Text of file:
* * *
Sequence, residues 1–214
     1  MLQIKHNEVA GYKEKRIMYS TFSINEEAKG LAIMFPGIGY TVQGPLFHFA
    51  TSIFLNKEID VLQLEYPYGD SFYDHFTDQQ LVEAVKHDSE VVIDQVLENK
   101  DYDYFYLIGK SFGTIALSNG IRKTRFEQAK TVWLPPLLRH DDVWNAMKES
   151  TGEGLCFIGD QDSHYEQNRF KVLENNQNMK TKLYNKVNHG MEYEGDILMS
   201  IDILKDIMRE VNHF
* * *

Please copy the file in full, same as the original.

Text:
Sequence, residues 1–214
     1  MLQIKHNEVA GYKEKRIMYS TFSINEEAKG LAIMFPGIGY TVQGPLFHFA
    51  TSIFLNKEID VLQLEYPYGD SFYDHFTDQQ LVEAVKHDSE VVIDQVLENK
   101  DYDYFYLIGK SFGTIALSNG IRKTRFEQAK TVWLPPLLRH DDVWNAMKES
   151  TGEGLCFIGD QDSHYEQNRF KVLENNQNMK TKLYNKVNHG MEYEGDILMS
   201  IDILKDIMRE VNHF